From Quality to Revolution

Posted on October 31, 2013

What a great week in Houston!  Between a great Trauma Informed Care Session at the National Health Care for the Homeless Council Regional Training and a fun and energetic crowd for Motivational Interviewing at Harris Health, I have a lot of new friends in Houston and around Texas.  Also let’s welcome 40 new members to our community. 
I want to finish the discussion of quality and transition into our next topic in this post.  In my previous post I made the argument that we need a new approach to quality improvement.  We need to see the “error” we work to eliminate as primarily problems created by the society in which our clients live.  Taking this view, we also need to look for larger solutions to the reasons our clients seek our services in the first place.  Quality needs to transcend our walls, services and silos and become about collaborative efforts to “fix” the problem inherent in our communities.
To make this paradigm shift (or as my new friend Jon from Baltimore put in a recent comment “a decadent slice of paradigm-shift pie to chew on”), we need to educate our communities on the reality facing our clients.  The errors we have been discussing in recent posts (trauma, domestic violence, substance abuse, homelessness, etc.) result from dysfunction in our society and not weaknesses in our clients.  The most harmful conception our society has is that people choose to be addicts, homeless, poor, unemployed, etc.  We have developed a social structure that puts blame on the individual and expects the individual to wake up tomorrow and change their life without the resources needed to make this incredibly difficult transition.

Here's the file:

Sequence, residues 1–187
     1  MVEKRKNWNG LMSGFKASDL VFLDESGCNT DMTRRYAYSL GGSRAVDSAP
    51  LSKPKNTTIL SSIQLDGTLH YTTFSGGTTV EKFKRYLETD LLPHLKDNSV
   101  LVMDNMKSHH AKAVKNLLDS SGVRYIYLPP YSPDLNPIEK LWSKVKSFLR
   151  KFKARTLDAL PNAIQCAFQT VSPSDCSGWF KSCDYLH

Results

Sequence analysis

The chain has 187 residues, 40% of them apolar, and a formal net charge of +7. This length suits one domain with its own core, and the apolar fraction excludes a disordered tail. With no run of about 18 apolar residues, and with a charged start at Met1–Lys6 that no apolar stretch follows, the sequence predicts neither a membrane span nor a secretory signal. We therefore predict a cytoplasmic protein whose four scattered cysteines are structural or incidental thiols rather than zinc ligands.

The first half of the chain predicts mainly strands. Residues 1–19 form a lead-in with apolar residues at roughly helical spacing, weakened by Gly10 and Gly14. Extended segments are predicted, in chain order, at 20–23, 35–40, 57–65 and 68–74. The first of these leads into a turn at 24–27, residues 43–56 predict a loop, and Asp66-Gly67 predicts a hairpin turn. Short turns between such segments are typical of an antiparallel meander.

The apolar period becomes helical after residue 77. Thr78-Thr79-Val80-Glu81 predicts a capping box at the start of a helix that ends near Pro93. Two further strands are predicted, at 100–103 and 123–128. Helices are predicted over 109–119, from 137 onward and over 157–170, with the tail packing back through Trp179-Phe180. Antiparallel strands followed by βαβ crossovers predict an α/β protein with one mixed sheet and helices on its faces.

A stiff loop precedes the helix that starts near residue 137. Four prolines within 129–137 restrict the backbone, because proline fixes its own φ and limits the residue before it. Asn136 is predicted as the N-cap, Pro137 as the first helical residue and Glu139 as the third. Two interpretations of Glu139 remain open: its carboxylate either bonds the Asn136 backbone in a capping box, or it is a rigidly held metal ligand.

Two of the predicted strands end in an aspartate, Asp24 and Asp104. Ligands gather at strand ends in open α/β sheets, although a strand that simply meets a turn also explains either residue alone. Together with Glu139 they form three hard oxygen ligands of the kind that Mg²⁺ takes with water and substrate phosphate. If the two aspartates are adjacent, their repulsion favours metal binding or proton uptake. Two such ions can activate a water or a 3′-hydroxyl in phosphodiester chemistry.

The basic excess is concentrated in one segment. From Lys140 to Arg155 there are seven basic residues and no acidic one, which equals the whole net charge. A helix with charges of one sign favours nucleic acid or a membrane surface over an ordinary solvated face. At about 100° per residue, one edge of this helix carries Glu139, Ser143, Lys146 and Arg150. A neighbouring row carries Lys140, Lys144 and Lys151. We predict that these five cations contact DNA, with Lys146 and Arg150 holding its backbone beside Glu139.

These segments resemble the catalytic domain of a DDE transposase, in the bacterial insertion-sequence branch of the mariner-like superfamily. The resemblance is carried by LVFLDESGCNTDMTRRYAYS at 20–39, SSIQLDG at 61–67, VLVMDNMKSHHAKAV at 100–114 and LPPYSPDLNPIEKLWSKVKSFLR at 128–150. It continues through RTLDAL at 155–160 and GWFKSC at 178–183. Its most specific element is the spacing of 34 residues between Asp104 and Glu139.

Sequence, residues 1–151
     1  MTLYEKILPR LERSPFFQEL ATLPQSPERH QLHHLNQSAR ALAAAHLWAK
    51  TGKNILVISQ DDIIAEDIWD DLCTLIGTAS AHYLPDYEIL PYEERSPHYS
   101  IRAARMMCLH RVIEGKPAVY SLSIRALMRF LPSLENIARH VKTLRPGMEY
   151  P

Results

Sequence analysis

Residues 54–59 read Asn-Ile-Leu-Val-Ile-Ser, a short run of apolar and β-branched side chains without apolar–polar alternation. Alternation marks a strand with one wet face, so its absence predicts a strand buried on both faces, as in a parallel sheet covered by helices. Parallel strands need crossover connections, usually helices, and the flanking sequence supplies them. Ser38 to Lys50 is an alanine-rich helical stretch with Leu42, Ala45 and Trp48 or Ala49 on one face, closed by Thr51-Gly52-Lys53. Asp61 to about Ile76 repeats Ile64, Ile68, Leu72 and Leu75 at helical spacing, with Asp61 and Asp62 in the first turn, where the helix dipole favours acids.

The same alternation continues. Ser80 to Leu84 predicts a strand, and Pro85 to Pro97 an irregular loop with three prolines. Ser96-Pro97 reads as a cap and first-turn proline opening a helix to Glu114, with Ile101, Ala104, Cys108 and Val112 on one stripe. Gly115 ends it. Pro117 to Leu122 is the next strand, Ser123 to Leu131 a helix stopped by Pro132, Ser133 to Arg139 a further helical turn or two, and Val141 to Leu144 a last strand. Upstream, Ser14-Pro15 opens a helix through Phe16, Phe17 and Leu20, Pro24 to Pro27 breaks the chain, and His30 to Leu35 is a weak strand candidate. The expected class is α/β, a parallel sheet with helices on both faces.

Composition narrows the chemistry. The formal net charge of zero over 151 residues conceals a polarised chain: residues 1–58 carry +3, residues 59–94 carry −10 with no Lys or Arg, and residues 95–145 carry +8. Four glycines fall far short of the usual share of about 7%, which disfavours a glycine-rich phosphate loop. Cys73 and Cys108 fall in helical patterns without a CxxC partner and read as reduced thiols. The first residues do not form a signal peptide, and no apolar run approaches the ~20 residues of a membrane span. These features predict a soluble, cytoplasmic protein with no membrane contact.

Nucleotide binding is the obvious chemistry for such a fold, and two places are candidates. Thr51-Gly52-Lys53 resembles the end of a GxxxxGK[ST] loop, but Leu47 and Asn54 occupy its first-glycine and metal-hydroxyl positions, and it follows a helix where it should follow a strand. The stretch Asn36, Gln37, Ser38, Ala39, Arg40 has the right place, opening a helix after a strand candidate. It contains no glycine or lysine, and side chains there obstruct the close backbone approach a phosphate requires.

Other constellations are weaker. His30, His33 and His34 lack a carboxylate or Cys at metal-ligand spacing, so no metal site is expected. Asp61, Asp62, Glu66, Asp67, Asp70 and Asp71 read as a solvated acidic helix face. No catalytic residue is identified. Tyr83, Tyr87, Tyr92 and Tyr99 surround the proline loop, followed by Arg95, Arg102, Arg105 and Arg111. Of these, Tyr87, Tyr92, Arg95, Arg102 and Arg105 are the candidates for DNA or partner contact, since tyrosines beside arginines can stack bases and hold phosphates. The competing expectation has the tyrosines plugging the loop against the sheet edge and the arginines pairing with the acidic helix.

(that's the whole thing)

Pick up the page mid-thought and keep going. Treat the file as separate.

On the rare occasion we take a look at larger causes we end up blaming systems like “entitlements,” teacher unions, bad parenting or broken mental health systems.  The last place we look is inward when we are the ones responsible for the pain.  Labeling those struggling with generational poverty and racial discrimination as entitled shows a disgusting lack of insight; blaming teachers when educational achievement is clearly correlated with the income level of the parents is scapegoating; blaming a grossly underfunded mental health system for tragedies like Sandy Hook and then not doing a damn thing to fix the system is a pathetic and weak attempt at misdirection.
My friends, we have the truth and the responsibility to educate our communities.  We must take up the cause of revolution for the sake of our clients, our communities and the future of our society.  We know what our clients need to transform their lives.  We know that a dollar spent on prevention saves seven dollars in treatment/services later.  We know that we need to stop managing societal error and create a critical mass to fix the real problems.
In the last several months I have traveled the country from Massachusetts to Hawaii and know one 
thing for sure: We have the passion and knowledge to lead this transformation.  This revolution of thought and action will not happen in Washington it will happen when we bring the passion we give to our work and connect it to educating our communities.  It will not be easy.  We won’t have enough money, enough time, or enough exposure…but we transform lives every day!    We are experts on transformation, on creating miracles with very little or nothing!  Over the next couple months my goal is to create the energy and information we need to start this revolution.  I invite you to take this journey with me as only together can we make the real change that our clients and communities need to truly heal.

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